"It was late in the afternoon," said Hoang. "I was carrying a box of ammunition with my friend Truong when suddenly the valley seemed to explode. There was noise and fire and chaos everywhere. I thought we would all be killed I did not know there were so many guns in all the world."

The date was March 13, 1954 and the siege at Dien Bien Phu, a siege that would change the course of history for the French, the Viet Minh, and the Americans, had begun.

From that time on, Hoang remembers only constant fighting and dangerous work. Because the airfield was destroyed, French supplies were parachuted to the battlefield. "We had to run between the explosions and get the supplies," he said. "The work was very dangerous and many of my friends were killed."

Hoang decided to escape from the French and join the Viet Minh. One evening he, and some friends, crossed the Nam Yum river to the east, past the French forts, and into the Viet Minh hills.

"We were afraid the French, or the Viet Minh, might shoot us," he said. "We made it safely and were taken to see an officer. He asked us many questions about the camp, about the locations of ammunition and food and medical supplies. Of course we knew where all of these things were so he was very grateful. We were then put to work doing the same things we had done for the French, carrying supplies.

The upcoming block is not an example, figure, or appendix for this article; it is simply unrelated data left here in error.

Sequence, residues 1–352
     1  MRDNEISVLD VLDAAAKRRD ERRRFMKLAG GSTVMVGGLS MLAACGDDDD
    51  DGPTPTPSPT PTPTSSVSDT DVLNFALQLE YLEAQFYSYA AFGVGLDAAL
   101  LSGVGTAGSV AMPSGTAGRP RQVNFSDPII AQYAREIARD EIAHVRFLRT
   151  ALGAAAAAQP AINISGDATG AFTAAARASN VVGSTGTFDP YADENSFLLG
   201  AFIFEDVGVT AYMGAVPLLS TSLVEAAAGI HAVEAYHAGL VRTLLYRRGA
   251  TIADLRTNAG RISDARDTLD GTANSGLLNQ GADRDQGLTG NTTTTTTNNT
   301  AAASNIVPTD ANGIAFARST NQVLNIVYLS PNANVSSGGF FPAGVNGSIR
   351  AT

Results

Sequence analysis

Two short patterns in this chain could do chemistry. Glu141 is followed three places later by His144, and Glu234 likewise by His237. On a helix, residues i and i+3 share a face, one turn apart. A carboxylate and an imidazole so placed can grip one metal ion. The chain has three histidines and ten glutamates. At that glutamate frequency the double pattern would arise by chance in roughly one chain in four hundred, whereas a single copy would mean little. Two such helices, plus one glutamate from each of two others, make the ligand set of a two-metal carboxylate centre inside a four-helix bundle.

Hoang's brother did not escape and stayed with de Castries for the entire siege. His brother said many things about living in the bunker. "He told me that de Castries started to grow pale because he never left the bunker for the entire siege. My brother carried water for his bathtub and he ate on a special table with a clean tablecloth. In the evenings, as the battle raged outside, he gathered his top officers and they played cards and talked about home and friends and families."

After the Viet Minh victory Hoang stayed with the army for about five months before returning home and reuniting with his brother. Together they rebuilt their lives in the new town of Dien Bien Phu. His brother opened another barber school and eventually wrote a book of fairy stories for children.

Hoang lives quietly with his wife and his health remains good. He does not think about the war very often but, sometimes, he looks over the valley and remembers those sad and exciting times so long ago.